The Illinois Appellate Court recently upheld a lower court’s decision to strike down challenges to a school district’s use of its working cash fund. This case builds upon a recent amendment to the Working Cash Fund Article of the School Code, P.A. 96-1277 (summarized in a July 28, 2010 FR Alert), which allows school districts to transfer money from their working cash funds to any operating fund of the district found to be most in need. In Lutkauskas v. Ricker, the district court struck down a consolidated claim against working cash fund transfers by Lemont Bromberek School District No. 113A because Plaintiffs lacked standing and failed to assert any damages based on their claim.

Plaintiffs alleged that the district employees and board members violated Section 20-5 of the School Code when they engaged in a pattern of spending money from the district’s working cash fund without a school board resolution approving the transfer of funds. Specifically, Plaintiffs alleged that from 2007-2010, Defendants spent excess amounts in several individual funds and drew from the working cash fund, rather than reimbursing it. For relief, Plaintiffs argued that Defendants should pay a fine of $10,000 each, forfeit their offices, and repay the amount that was depleted from the working cash fund. The circuit court granted the School District’s motion to dismiss holding that Plaintiffs’ complaint failed to state a claim and that the Defendants had legislative immunity. The Circuit Court noted that “Plaintiffs are arguing a windfall and nothing in the complaint would tell the reader that money was used for some purpose other than for school purposes.”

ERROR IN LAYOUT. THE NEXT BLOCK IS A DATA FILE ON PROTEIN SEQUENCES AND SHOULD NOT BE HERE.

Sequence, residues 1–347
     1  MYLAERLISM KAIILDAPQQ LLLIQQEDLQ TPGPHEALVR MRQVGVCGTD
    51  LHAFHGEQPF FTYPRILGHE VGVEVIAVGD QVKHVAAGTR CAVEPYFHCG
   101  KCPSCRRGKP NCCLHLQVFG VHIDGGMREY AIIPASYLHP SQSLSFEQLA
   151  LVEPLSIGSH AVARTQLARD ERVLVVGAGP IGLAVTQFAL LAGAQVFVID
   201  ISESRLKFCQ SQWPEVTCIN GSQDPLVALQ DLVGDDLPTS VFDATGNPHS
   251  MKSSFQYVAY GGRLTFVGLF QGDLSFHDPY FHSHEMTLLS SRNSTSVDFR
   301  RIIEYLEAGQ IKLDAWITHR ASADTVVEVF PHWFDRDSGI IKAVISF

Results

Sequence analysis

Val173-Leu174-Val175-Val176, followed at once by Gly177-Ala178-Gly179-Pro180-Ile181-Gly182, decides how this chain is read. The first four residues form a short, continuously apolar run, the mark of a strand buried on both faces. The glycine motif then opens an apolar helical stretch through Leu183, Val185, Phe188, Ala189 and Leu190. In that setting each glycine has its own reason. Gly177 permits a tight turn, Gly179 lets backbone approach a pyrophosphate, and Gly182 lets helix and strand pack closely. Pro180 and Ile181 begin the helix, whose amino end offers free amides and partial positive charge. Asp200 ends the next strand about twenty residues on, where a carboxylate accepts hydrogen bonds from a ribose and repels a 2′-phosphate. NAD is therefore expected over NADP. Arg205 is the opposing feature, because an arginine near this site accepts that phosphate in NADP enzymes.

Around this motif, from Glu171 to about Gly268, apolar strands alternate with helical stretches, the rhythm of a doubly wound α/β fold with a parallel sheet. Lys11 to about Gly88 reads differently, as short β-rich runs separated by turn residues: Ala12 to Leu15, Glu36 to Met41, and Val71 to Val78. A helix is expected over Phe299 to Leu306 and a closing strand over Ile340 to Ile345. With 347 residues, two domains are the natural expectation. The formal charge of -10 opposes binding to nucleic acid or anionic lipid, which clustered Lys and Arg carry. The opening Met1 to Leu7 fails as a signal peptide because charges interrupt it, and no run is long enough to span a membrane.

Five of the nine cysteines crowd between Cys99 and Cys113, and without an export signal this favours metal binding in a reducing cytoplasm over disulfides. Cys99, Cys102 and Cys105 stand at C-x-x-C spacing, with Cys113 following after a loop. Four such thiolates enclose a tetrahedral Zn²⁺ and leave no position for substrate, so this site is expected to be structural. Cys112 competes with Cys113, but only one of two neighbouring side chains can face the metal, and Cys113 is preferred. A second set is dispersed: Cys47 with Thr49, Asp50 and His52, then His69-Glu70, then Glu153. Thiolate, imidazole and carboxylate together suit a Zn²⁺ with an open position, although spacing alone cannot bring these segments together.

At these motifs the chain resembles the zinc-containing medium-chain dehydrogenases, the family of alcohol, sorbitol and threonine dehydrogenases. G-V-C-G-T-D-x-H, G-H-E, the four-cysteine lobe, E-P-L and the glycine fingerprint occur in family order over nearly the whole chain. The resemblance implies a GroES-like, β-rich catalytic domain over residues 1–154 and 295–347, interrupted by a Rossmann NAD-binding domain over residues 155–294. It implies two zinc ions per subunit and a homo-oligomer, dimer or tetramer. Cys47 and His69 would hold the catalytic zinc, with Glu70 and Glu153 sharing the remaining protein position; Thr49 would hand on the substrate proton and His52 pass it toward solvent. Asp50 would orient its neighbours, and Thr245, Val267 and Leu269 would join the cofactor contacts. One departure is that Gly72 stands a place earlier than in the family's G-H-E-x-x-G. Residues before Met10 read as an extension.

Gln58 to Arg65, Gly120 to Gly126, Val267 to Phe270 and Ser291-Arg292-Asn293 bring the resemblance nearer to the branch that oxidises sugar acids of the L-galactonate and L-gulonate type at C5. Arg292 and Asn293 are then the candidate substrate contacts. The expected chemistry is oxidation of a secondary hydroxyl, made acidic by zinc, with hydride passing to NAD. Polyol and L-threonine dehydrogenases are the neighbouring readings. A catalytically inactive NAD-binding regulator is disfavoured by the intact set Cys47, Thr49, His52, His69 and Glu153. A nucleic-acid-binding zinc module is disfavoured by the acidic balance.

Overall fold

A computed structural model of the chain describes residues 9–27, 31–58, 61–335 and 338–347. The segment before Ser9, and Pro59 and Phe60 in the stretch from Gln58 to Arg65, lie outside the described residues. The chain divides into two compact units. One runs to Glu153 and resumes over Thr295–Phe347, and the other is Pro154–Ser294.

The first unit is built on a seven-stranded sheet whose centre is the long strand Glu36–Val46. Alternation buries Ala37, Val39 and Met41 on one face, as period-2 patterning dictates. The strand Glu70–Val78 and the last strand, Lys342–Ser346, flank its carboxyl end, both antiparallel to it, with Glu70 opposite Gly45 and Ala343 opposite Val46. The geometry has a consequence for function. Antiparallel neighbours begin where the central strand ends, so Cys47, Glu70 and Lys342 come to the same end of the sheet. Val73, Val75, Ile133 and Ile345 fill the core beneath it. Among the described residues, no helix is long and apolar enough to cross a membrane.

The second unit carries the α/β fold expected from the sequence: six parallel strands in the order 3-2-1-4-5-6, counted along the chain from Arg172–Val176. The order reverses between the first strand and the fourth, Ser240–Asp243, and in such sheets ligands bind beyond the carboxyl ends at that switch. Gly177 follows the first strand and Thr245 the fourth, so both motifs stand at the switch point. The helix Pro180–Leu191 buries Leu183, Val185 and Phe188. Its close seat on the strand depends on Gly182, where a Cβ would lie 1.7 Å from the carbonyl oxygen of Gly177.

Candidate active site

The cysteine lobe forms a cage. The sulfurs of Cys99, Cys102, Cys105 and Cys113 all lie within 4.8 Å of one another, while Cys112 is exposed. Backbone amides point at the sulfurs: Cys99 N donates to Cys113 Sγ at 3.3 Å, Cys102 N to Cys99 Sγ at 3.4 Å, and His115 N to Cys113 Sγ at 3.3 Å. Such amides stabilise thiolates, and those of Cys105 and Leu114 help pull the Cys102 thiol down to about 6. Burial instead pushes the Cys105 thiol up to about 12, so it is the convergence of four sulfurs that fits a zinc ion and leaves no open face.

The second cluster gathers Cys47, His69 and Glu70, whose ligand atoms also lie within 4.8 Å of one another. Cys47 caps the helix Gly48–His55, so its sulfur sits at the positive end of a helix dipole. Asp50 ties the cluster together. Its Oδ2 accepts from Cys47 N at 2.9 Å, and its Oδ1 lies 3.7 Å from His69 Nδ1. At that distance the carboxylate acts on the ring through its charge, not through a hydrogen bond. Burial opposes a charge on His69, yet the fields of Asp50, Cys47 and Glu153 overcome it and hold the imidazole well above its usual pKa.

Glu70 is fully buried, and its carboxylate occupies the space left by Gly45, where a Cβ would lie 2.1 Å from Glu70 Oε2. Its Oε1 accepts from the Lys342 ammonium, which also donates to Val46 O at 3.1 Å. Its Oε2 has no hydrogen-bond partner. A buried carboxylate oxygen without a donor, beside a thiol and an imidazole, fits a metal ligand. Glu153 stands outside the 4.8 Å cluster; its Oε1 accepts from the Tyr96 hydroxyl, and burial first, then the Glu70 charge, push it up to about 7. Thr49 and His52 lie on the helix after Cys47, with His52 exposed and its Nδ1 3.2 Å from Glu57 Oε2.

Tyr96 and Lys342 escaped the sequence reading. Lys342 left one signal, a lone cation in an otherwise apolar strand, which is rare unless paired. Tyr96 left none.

The First District Appellate Court affirmed the trial court’s dismissal of the complaint. In doing so, the Court found that Plaintiffs failed to allege that the funds were spent for an improper purpose and that Plaintiffs could not show any loss to the district as a result of the alleged actions. The Court also held that Defendants’ actions did not violate the School Code since they properly passed a resolution to abate and abolish the working cash fund after depleting it.

In dissent, Justice Pucinski argued that the Plaintiffs should be allowed to file an amended complaint because there is so little case law on the topic of working cash fund transfers. She found that a plain reading of Section 20-5 detailed that Plaintiffs did have standing to recover civil penalties. Focusing on the strict application of the statute, she believed there was a cause of action because the board failed to vote on a resolution to transfer funds, which is exactly what the statute set out to prohibit. 

This case is important because it gives an indication how courts may analyze challenges to working cash fund transfers. The case serves is an example of the Appellate Court focusing on the legitimate purposes for which the funds were spent rather than whether the school district followed technical procedures in transferring funds.

Jamel Greer